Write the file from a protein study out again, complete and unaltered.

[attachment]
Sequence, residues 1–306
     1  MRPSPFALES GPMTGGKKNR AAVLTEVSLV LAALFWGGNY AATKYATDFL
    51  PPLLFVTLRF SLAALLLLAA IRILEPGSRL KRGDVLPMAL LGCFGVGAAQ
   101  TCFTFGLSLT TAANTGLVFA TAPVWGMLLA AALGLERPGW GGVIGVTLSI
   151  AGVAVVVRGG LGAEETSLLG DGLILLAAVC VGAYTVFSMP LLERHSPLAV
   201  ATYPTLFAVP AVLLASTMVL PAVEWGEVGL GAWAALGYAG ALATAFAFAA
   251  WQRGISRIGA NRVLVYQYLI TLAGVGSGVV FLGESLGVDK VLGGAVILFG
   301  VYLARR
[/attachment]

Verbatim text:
Sequence, residues 1–306
     1  MRPSPFALES GPMTGGKKNR AAVLTEVSLV LAALFWGGNY AATKYATDFL
    51  PPLLFVTLRF SLAALLLLAA IRILEPGSRL KRGDVLPMAL LGCFGVGAAQ
   101  TCFTFGLSLT TAANTGLVFA TAPVWGMLLA AALGLERPGW GGVIGVTLSI
   151  AGVAVVVRGG LGAEETSLLG DGLILLAAVC VGAYTVFSMP LLERHSPLAV
   201  ATYPTLFAVP AVLLASTMVL PAVEWGEVGL GAWAALGYAG ALATAFAFAA
   251  WQRGISRIGA NRVLVYQYLI TLAGVGSGVV FLGESLGVDK VLGGAVILFG
   301  VYLARR